Monday, January 01, 2007

It's no trouble to double

Cold, blustery weather (at last!!) drove me back to project status by removing any temptation whatsoever to fly today. Today I wanted to tackle the issue of the potentially problematic leg fairing tabs. I've seen complaints on various message boards about these tabs cracking, presumably even with the suggested application of several layers of glass cloth in the weak area. I had a ('too', as it turns out) small scrap of .020 aluminum left over from the dregs I had hoovered up last spring when I was in the sheet metal class, so I decided to fabricate some tab doublers. The idea was to put an aluminum tab between the glass tab and the gear leag, and rivet it in place off to the sides, where the shop heads of the rivets wouldn't be in contact with the gear leg.

It was very easy to get a rough cut piece cut out with tin snips:

It needed some curvature so it would snug up against the fairing:

Two notches form the tab:

The snips leave rough edges, so it had to be filed clean:

The cleco clamps did a pretty good job, but I did encounter a little bending of the aluminum away from the drill bit when trying to drill the rivet holes:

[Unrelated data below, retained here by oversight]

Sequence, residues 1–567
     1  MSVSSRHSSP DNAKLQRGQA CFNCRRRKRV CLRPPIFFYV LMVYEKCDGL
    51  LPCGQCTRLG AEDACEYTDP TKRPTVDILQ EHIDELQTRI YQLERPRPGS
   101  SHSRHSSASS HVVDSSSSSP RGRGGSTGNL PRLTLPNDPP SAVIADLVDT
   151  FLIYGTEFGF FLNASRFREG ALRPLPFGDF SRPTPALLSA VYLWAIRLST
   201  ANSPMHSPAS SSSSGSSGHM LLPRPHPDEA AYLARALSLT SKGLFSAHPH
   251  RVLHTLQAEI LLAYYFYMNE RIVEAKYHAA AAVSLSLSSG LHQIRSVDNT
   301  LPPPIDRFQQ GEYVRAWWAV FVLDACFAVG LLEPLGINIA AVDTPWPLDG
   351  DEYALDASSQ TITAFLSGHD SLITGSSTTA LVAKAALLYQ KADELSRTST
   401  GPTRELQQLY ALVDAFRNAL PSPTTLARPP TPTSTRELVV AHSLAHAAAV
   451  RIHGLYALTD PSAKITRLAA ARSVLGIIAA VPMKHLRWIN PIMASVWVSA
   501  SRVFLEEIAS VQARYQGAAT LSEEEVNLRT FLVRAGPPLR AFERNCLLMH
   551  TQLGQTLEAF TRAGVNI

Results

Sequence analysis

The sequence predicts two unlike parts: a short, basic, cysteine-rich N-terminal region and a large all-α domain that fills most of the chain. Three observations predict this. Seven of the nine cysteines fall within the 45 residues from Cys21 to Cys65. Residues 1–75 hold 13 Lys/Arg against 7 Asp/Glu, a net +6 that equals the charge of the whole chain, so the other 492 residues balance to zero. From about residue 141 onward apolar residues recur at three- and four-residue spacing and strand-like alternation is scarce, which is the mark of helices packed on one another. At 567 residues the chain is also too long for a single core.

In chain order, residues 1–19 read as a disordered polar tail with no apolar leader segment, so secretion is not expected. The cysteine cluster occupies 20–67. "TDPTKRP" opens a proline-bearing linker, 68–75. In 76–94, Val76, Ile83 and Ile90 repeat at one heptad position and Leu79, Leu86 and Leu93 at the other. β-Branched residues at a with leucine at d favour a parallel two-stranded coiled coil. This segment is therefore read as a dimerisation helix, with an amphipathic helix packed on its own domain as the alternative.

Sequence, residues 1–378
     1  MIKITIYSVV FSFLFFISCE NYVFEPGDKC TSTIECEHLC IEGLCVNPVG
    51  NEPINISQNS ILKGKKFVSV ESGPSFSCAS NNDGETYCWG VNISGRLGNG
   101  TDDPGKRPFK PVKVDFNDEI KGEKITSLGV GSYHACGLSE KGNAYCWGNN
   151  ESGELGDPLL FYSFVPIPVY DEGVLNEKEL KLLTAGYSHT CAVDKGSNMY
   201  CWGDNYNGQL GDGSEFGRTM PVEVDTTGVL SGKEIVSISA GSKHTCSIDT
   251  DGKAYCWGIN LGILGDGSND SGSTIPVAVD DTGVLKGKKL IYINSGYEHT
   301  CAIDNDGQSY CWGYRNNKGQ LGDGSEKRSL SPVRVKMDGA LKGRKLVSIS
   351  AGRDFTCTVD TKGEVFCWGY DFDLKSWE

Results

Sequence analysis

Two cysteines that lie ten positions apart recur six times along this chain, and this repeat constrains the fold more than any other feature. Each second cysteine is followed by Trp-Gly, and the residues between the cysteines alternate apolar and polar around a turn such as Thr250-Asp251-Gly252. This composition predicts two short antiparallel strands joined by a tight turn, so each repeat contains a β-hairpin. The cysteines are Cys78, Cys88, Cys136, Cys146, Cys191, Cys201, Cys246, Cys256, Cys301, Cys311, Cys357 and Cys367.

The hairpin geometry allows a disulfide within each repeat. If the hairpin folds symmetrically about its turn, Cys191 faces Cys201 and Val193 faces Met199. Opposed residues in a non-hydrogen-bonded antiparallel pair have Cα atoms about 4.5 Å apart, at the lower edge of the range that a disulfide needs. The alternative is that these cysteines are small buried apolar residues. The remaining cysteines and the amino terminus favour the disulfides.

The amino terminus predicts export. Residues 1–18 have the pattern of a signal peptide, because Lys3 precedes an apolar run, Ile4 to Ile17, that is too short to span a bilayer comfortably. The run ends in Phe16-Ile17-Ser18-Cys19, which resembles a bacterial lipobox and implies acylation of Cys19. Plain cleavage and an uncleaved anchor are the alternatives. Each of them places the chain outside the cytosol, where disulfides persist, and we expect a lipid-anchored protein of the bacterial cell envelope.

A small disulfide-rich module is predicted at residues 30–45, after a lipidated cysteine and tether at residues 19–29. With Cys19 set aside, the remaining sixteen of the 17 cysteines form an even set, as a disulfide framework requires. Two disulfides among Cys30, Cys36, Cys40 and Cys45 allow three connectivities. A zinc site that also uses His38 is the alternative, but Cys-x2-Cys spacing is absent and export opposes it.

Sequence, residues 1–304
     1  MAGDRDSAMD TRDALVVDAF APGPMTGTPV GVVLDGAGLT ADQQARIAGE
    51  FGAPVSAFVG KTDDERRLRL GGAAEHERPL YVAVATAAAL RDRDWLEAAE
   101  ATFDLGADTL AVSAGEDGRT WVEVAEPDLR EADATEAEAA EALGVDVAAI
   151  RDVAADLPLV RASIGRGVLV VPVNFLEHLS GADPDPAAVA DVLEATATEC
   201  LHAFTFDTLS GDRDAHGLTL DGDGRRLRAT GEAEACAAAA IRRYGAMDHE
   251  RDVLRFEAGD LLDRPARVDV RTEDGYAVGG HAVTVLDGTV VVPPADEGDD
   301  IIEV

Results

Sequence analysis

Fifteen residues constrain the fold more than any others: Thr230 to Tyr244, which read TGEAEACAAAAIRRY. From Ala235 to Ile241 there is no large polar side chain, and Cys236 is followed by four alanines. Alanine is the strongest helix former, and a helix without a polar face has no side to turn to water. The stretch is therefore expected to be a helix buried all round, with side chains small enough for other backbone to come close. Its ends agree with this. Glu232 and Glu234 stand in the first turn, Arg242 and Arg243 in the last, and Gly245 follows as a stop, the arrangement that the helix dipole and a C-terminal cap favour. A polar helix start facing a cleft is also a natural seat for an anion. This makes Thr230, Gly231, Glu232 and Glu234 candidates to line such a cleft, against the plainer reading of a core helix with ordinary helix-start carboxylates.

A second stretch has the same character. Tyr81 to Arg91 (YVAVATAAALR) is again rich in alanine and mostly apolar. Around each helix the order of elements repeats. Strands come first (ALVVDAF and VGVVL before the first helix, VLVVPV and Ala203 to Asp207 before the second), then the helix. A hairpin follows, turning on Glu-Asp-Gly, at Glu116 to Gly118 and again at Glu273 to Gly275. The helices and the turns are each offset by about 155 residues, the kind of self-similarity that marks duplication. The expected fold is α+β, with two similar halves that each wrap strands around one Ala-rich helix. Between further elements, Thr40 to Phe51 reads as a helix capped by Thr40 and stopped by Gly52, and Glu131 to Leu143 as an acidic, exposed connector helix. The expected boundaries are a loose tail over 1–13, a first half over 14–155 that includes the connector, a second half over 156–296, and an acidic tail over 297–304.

The bigger (#4) rivet came about because of very severe bit slippage, as mentioned above. Also note the Picassoesque psuedo-random positioning of the rivets which is the most recent manifestation of my artistically abstract period:

I almost immediately started running low on my very limited supply of aluminum, so the next two doublers were a bit less extravagant. As you can also see, I made an artistic statement by being even more abstract with my rivet placement in order to draw attention to my nascent transition into my rebellious phase. This stuff is art, says I, and needs to be treated as such.

Even with the simplified design I only had enough metal to make three doublers, so the inside left leg hasn't got one yet. Here are both leg fairings held in place with the hose clamps and tabs:

Now I need to get the final alignment of the leg fairings done, and start on the intersection fairings. The plane has to be jacked to take the weight off of the gear legs to do the alignment, and I only have one jack. I'm afraid jacking one leg at a time would not give me perfect alignment, so I'm going to either have to scare up another jack, or find another way to get both gear unloaded. The tail needs to come up as well, which is another kettle of fish entirely.

After that, I have a lot of trimming, sanding, filling, sanding, filling, sanding and filling to do. Then, at long last, painting. I have no idea how I'm going to do that.

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